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In this webinar, we will demonstrate on Park’s NX Hivac how high vacuum (10-5 Torr) significantly improves the sensitivity and the resolution of electrical AFM modes on TMDs.



 
 
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Better in Vacuum – boosting the characterization of 2D semiconductors via electrical AFM in high vacuum

Thursday, 3 September 2020

  • 10:00 am – 11:30 am
    (GMT)
    London, Dublin
  • 11:00 am – 12:30 pm
    (CEST)
    Berlin, Paris, Rome
  • 18:00pm – 19:30 pm
    [UTC+9]
    Seoul, Tokyo


With ever-decreasing device sizes in the semiconductor industry, the demand for functional materials with low dimensionality continues to grow. Since the discovery of graphene in 2004,1 2D materials have caught the interest of scientific and industrial research. Among 2D materials for semiconductor applications, transition metal dichalcogenides (TMDs) are particularly promising. However, TMDs often exhibit morphological features such as grain boundaries, which affect the electronic properties locally.2 Hence, characterization of TMDs requires techniques with high spatial resolution and sensitivity for electronic properties, including conductivity and surface potential. Atomic Force Microscopy not only offers topography imaging with local resolutions on the nanoscale, but also resolves electronic properties by scanning the surface with an electrically conductive tip.
In this webinar, we will demonstrate on Park’s NX Hivac how high vacuum (10-5 Torr) significantly improves the sensitivity and the resolution of electrical AFM modes on TMDs. The removal of the surface water layer leads to an improved electrical contact between tip and sample. At the same time, the vacuum environment prevents the adverse doping effect of the TMD material, which effectively lowers the material’s conductivity. Thereby, the local electronic characterization of TMDs can be pushed to the next level.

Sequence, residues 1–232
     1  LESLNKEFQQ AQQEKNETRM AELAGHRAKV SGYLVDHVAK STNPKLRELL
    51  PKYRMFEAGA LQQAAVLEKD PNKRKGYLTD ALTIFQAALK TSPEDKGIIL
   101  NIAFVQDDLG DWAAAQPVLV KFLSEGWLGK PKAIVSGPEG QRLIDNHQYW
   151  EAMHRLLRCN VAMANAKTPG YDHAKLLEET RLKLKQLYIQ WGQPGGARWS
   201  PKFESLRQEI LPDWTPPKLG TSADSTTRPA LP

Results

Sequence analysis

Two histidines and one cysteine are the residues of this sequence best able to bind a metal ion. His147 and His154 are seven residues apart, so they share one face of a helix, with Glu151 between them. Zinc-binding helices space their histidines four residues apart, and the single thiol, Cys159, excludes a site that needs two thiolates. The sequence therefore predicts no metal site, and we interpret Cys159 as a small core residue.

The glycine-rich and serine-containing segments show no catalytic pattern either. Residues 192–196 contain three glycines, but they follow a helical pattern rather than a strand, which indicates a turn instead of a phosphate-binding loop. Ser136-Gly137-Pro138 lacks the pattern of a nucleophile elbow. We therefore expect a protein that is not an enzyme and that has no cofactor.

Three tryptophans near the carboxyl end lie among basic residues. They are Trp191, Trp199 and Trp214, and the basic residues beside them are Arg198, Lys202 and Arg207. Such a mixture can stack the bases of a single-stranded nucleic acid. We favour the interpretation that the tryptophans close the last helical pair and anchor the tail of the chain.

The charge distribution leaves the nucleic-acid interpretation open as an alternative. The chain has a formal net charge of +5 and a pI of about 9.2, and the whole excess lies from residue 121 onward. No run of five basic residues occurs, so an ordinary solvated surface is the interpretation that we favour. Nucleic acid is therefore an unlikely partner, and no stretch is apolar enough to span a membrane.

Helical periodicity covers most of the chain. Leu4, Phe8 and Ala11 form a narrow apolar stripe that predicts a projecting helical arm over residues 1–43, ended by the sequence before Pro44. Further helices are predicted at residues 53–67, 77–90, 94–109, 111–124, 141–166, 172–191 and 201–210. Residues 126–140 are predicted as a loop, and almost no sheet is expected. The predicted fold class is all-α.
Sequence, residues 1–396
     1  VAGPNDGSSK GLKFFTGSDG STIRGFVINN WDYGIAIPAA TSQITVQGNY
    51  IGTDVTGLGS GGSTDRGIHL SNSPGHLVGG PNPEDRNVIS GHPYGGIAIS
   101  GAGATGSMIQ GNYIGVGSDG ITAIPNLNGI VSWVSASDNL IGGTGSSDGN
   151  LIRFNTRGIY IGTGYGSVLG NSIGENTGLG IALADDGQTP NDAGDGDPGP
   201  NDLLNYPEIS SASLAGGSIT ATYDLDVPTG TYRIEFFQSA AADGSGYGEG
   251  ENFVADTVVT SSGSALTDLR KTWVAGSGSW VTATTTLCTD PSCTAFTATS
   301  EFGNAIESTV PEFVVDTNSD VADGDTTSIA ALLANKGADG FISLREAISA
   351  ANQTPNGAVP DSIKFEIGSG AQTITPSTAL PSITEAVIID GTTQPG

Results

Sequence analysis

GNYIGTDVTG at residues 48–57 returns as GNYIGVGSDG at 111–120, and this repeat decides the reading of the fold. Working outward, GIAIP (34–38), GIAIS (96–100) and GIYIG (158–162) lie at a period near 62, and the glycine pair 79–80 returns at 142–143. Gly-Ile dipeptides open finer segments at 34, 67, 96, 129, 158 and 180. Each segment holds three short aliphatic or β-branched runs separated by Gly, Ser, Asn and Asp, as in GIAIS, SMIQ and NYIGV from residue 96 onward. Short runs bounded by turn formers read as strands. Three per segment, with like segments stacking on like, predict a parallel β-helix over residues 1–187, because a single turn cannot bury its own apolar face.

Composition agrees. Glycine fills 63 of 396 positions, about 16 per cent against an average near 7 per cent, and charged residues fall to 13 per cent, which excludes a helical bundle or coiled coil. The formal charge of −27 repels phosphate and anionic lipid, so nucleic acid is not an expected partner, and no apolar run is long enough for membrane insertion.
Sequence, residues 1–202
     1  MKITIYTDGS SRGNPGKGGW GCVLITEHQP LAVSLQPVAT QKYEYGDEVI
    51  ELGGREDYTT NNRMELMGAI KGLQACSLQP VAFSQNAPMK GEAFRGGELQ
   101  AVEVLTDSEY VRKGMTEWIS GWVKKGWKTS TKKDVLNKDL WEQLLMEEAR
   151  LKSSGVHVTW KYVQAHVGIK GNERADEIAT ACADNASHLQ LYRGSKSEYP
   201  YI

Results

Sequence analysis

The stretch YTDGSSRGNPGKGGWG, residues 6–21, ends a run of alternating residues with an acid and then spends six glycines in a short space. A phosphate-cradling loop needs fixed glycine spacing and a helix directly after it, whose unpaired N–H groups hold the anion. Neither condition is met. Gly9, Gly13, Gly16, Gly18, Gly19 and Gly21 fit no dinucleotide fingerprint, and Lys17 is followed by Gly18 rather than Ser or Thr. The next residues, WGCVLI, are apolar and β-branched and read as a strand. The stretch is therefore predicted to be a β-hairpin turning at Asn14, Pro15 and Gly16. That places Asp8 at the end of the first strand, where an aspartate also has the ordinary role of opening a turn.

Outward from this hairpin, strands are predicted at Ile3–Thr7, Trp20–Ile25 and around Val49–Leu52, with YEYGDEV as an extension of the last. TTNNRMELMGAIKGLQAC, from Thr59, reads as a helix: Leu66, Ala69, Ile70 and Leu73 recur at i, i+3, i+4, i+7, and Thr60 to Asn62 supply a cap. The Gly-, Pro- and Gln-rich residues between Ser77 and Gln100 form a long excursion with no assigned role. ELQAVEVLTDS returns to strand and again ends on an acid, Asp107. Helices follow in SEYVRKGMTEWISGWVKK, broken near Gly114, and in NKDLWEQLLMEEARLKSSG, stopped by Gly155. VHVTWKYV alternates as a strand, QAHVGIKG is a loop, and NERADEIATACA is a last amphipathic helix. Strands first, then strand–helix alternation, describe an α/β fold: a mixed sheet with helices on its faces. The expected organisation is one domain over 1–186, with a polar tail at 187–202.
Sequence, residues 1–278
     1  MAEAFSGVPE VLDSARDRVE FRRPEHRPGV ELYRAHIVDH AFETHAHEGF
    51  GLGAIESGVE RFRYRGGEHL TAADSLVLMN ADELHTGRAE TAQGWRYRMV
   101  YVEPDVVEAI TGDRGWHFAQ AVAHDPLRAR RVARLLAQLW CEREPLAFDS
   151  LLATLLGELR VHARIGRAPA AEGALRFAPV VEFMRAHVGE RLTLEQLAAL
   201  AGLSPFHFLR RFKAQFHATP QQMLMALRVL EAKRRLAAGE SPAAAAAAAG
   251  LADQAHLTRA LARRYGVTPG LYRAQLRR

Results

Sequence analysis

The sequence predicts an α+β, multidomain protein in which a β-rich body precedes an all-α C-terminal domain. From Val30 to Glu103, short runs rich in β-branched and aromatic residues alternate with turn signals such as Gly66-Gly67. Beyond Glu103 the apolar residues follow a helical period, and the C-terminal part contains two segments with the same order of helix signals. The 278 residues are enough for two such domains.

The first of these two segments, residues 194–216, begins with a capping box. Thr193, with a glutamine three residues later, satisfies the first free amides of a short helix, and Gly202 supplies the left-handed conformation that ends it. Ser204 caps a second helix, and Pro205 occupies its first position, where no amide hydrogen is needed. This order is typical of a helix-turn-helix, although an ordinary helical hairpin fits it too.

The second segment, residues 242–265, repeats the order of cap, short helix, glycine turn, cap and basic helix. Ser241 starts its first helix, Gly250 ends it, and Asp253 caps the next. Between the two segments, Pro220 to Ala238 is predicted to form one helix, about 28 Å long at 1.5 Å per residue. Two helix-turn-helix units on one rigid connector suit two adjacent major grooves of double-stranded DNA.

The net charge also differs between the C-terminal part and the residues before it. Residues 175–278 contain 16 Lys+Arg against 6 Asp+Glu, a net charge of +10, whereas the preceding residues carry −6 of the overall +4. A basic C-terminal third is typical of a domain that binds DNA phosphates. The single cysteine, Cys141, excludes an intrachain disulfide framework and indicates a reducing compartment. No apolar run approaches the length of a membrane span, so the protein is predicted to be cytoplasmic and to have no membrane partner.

1.Novoselov, K. S. et al. Electric Field Effect in Atomically Thin Carbon Films. Science (80-. ). 306, 666 LP – 669 (2004).
2.Ludwig, J. et al. Effects of buried grain boundaries in multilayer MoS2. Nanotechnology 30, 285705 (2019).

Presented By : 
Ilka Hermes - Principle Scientist Park Systems Europe, Mannheim, Germany
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Ilka is the principle scientist at Park Systems Europe, where she maintains and supports scientific collaborations to establish new research projects.
Prior, she worked at the Max Planck Institute for Polymer Research (Main Germany) in the group of Stefan Weber to investigate perovskite solar cells with electrical Atomic Force Microscopy (AFM) modes, and at the Johannes Gutenberg University Mainz in the group of Angelika Kühnle to characterize liquid-solid interfaces with high resolution AFM. Ilka’s primary fields of expertise include Piezoresponse Force Microscopy (PFM), Kelvin Probe Force Microscopy (KFM), and conductive AFM on semiconducting and/or ferroelectric devices.

 

 

 

Park Lectures - Park Atomic Force Microscope